As mentioned in the first article of this series, it is fine to rely on technological solutions to security problems, but the first thing that people should do to secure any aspect of their information systems must be to implement secure, common sense computer usage habits. The following is a list of a few things that can be done to minimize the potential loss of information in the case of laptop loss or theft.
Protect Your Password
The password is the cornerstone of all computer security. The first and most common sense rule for passwords is to not give out your password. Giving out your password is the informational equivalent of giving away the dead-bolt key to the front door of your house. This one is self-explanatory. A little less obvious, but equally as important is to not write your password somewhere on your laptop, or keep it written on something stored in the laptop case.
In case your laptop falls into the wrong hands, at least make the would-be intruder work for his or her booty. Do not use passwords that are easy to guess. Make sure all of your passwords contain both upper and lower case letters, are not based on words in the dictionary, and preferably that contain some numbers. Don't use the same password for everything. We want to make data retrieval as difficult as possible for the thieves, and using the same password for your login and for files is just making it easy.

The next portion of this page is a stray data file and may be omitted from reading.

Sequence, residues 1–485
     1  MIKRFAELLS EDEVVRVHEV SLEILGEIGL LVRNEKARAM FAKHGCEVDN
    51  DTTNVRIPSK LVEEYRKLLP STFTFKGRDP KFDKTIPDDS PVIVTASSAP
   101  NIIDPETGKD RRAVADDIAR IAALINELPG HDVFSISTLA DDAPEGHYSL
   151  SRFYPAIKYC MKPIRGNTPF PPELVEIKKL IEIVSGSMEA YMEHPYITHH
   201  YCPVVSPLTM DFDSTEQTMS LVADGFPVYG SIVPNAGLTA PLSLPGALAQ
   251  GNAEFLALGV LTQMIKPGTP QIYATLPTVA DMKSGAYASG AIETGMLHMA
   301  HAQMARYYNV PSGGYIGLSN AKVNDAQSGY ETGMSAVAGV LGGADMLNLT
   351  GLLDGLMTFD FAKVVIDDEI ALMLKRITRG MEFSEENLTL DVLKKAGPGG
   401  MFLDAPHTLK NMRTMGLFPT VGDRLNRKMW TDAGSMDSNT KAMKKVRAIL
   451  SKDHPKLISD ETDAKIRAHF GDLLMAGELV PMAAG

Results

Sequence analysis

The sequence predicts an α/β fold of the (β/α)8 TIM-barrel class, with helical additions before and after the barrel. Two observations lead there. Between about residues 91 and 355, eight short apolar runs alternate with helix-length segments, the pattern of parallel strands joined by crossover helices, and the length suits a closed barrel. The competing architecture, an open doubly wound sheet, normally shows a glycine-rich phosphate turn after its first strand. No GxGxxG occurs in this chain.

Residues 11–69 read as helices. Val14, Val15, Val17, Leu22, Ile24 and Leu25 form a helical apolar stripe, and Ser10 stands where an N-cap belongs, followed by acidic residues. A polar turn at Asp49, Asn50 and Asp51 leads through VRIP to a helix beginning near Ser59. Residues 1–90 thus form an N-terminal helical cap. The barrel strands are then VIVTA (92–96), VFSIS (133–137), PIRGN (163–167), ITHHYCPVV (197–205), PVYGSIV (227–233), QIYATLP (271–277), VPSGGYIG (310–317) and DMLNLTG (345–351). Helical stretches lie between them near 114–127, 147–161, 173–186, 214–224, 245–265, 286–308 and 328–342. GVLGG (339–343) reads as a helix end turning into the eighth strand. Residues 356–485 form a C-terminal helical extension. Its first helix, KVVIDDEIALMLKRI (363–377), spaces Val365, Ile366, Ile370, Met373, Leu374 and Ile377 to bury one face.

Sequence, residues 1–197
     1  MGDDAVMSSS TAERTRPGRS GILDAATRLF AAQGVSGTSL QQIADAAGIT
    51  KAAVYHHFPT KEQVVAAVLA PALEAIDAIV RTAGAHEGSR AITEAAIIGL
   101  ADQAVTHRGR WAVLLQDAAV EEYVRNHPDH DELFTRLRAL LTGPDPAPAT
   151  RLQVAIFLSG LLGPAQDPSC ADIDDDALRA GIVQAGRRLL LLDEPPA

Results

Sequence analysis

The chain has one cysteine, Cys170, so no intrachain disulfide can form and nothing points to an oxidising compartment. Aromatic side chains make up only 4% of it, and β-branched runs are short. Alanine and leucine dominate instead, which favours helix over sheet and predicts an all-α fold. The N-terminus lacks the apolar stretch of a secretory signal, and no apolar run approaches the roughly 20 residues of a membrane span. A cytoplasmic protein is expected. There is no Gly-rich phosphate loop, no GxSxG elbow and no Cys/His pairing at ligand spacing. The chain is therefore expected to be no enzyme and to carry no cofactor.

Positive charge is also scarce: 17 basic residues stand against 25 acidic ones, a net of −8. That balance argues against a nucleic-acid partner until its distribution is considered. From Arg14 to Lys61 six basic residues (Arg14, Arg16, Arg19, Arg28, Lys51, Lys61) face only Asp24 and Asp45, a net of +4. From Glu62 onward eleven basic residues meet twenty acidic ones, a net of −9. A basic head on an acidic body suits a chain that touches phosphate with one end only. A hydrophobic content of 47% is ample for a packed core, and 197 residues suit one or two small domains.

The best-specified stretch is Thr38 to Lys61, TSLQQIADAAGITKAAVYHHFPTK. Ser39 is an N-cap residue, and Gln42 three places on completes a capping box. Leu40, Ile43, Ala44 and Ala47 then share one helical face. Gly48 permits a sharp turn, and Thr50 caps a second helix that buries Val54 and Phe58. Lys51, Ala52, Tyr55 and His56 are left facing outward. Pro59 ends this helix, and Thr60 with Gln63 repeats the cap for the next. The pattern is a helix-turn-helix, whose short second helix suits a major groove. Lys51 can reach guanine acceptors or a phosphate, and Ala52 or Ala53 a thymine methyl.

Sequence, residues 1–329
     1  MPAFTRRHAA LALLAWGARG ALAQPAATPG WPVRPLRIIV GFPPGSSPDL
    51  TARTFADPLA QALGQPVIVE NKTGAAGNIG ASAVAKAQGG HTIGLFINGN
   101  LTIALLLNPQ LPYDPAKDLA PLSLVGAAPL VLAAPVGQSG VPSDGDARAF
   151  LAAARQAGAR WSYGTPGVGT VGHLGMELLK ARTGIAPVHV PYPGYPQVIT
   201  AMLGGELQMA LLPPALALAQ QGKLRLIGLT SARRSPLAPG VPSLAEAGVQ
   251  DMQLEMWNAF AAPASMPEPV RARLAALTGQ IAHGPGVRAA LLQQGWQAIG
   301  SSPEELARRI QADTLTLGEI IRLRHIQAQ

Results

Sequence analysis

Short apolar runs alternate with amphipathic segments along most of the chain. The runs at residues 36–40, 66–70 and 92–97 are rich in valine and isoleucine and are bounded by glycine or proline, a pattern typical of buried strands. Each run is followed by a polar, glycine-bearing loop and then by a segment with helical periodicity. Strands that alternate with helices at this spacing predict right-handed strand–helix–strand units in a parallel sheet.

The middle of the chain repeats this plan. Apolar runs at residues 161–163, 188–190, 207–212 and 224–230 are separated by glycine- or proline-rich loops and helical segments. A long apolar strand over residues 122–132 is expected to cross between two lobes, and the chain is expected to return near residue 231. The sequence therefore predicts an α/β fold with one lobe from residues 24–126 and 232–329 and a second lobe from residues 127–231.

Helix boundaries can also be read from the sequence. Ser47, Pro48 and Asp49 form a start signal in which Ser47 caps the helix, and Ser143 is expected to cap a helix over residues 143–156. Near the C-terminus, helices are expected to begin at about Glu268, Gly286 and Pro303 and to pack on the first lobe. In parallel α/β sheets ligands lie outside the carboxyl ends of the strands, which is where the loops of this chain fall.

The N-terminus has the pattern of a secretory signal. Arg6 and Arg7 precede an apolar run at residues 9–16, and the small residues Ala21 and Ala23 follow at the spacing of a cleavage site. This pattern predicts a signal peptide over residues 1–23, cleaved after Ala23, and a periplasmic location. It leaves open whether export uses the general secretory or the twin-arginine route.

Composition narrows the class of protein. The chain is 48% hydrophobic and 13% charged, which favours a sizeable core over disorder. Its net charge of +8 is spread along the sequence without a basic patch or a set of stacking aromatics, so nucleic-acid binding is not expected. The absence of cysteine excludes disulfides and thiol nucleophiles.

Store a Minimal Amount of Data on the Laptop
We should assume, given their portability and value to potential thieves, that laptops are inherently insecure vessels of information. As such, store as little valuable data as possible on them. If you are using a laptop for business, take only those files that are essential for your trip. Why give away more than you absolutely have to? If possible, store the information on a removable medium, such as a floppy, cd or zip disk.
When not using the laptop, remove the disk and store it separately, away from the laptop. Remember, the hardware and software of a laptop can be easily replaced - not necessarily cheaply, but easily. The information stored upon often cannot be replaced. If you are traveling with proprietary information that may be crucial to the success of your organization or if you are traveling with personal files that are crucial to your own well-being, do not keep those files stored on the laptop. Store it on media in a secure place that is unlikely to be the target of thieves looking for shiny objects.
Of course, the best way to protect your data is to never let it fall into the wrong hands. It is hoped that this two-part series has offered readers to some steps to help avoid this fate.
This article originally appeared on SecurityFocus.com -- reproduction in whole or in part is not allowed without expressed written consent.